There seems to be an almost endless supply of dark Jedis running around the galaxy that used to be attached to the Empire. Despite reusing this theme, the author carries it off very well in this novel. The two separate story lines converge at the end in a satisfying conclusion. Hethrir is an interesting villain and I always enjoy Luke and Leia going up against the dark side. The book once again proves that despite the defeat of the Empire, the repercussions of its death will send ripples throughout the galaxy for years to come. I found Waru to be more of a distraction than an integral part of the story, but it is always disconcerting to know that there are other strange beings from outside the galaxy that can threaten the safety of the New Republic. There is not a great deal of character development in this novel, but all the characters are familiar to us by now. A rapidly moving, well-constructed plot makes up for the lack of character development.
Reviewed by: Alan
Corran Horn is the grandson of a legendary, Corellian Jedi hero and he has latent force powers that have never been developed. Formerly an officer in the Corellian Security Force, Corran has distinguished himself as a pilot in Rogue Squadron, the X-wing fighter force that has plagued the Empire and pirate bands for so long. However, the latest pirate band to terrorize the universe seems unstoppable. Lead by an ex-Moff in an Imperial-class Star Destroyer, the pirates seem to have an uncanny knack for avoiding the traps set for them by the New Republic. Is there a security leak or is someone with the power of the dark side aiding the pirates?
Suddenly, Corran's wife disappears on a secret mission to locate the pirates' base. He begins to train at the Jedi academy that Luke Skywalker has just established, hopeful that developing his force powers will help him locate his wife. But disagreements with Luke over training methods cause him to leave the academy prior to finishing his training. He falls back on his security training and launches a dangerous plot to infiltrate the pirates and learn where his wife is being held. Can he fulfill his mission without abandoning himself to the dark side?
Corran Horn is an interesting character who has appeared before in the X-wing series. Stackpole does an excellent job of fleshing out his character in this novel. The first half of this book takes place at the Jedi academy and presents a view of the action in Jedi Academy Trilogy from Horn's perspective. You should read the trilogy first however, as the action in this book gives away a lot of that plot very quickly. The second half of the book contains fast paced action and exciting space combat sequences when Horn joins the pirates and goes on missions with them. Although I felt the book was rushed to a conclusion, it is still an interesting novel about a truly unique character. Hopefully, we will be seeing more of Corran Horn in upcoming novels.
Reviewed by: Alan
This novel takes place 8 years after Star Wars: A New Hope (the original movie). The New Republic has defeated the Emperor, but is still struggling to defeat the remnants of the Empire, which is still fighting on under the direction of various Grand Admirals and Warlords. The Hapes consortium is a group of sixty-three worlds that opposed the Empire, but have kept themselves closed off from the rest of the galaxy. They are rich, high-tech worlds that boast some of the finest military power in the galaxy. Now Queen Mother, leader of the consortium, has offered the military might of her worlds in support of the New Republic. But there is a price…Princess Leia must marry Prince Isolder, the Queen Mother’s dashing son. The majority of the galaxy cannot see how Princess Leia can refuse, including a jealous Han Solo.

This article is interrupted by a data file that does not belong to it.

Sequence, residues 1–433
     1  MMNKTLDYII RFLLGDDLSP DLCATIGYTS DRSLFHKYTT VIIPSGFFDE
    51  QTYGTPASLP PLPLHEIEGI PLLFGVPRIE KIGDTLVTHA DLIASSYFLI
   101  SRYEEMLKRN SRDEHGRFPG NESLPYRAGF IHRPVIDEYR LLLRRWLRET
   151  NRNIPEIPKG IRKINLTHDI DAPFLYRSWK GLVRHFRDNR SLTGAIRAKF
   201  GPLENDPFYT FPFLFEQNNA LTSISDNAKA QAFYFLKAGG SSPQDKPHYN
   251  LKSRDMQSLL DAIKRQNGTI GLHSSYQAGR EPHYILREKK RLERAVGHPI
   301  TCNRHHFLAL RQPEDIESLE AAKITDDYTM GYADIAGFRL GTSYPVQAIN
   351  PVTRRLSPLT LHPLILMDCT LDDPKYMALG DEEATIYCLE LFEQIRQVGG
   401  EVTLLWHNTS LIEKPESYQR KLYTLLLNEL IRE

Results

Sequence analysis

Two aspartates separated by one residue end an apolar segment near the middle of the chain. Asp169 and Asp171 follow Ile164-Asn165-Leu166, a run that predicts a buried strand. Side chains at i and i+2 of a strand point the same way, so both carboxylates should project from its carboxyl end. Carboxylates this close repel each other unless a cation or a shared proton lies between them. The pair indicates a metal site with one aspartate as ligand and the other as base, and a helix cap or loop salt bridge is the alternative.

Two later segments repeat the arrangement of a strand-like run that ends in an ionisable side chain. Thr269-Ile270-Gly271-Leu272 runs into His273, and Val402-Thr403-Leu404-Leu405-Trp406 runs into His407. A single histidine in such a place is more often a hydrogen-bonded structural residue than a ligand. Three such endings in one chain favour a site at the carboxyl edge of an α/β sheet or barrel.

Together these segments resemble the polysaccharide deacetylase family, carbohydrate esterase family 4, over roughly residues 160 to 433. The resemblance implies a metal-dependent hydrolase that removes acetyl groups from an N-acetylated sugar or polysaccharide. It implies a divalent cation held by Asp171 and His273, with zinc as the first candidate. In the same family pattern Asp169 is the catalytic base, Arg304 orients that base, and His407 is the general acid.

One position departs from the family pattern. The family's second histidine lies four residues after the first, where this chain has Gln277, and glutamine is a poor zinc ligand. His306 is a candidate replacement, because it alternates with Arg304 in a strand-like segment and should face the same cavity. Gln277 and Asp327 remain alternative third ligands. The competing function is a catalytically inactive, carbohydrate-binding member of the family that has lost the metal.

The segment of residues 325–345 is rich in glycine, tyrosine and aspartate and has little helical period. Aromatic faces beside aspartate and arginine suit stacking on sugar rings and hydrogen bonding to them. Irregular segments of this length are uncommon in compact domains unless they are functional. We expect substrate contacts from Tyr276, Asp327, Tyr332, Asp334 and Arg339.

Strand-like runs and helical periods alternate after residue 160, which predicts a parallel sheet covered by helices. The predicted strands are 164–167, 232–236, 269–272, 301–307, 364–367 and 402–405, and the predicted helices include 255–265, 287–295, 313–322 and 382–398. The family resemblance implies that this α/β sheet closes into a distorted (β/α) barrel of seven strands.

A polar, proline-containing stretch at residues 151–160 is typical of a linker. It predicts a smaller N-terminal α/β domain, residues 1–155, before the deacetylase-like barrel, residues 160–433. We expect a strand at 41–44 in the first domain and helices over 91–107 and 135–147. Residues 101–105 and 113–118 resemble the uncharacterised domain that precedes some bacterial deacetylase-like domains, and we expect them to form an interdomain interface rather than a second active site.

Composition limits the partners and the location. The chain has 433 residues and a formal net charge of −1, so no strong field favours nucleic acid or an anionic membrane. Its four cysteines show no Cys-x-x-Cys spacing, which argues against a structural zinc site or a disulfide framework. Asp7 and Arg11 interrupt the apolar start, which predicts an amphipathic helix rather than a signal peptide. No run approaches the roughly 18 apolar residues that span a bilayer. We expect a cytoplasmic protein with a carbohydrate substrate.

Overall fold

Seeing himself as unworthy of Princess Leia’s hand, especially in the face of such a worthy adversary, Han Solo decides to take a major risk. Winning the planet Dathomir in a high-stakes sabacc game, Han kidnaps Leia and whisks her away for a romantic getaway to his newly acquired world in an attempt to win her heart again. Fearing strong reprisals from the Queen Mother, Luke Skywalker forms an alliance with Prince Isolder to pursue Leia and Han and bring them back. But the planet Dathomir presents a few challenges of its own, including an Imperial prison, a group of force-trained witches and an Imperial warlord’s shipyard. Can our intrepid heroes prevail once again?
The problem faced by the author of a Star Wars novel is that he must use the same familiar characters that we have all grown to love. To compensate, the author needs to develop an interesting plot line and unique settings for the novel. Wolverton does this admirably. The planet Dathomir is breathtaking while at the same time being extremely deadly. In the witches, he has created formidable foes (and friends?) for our heroes. The Imperial troops are the usual overconfident and lovably inept foes we have come to expect in the Star Wars novels. Most of the character development focuses around Han and Leia (not surprisingly) and their coming to grips with the fact that they actually are in love with each other. We are also treated to a few insights about Luke and his views on the Force, which set the stage for his creation of the Jedi academy in future volumes. The action is non-stop and, refreshingly, is not an endless series of space battles. However, the one space battle that is described in detail (when Han and Leia arrive at Dathomir), is cleverly done with Han pulling off one of the amazing stunts that kept him alive as a smuggler all these years. This novel is a solid addition to the Star Wars universe and I thoroughly enjoyed it.
Reviewed by: Alan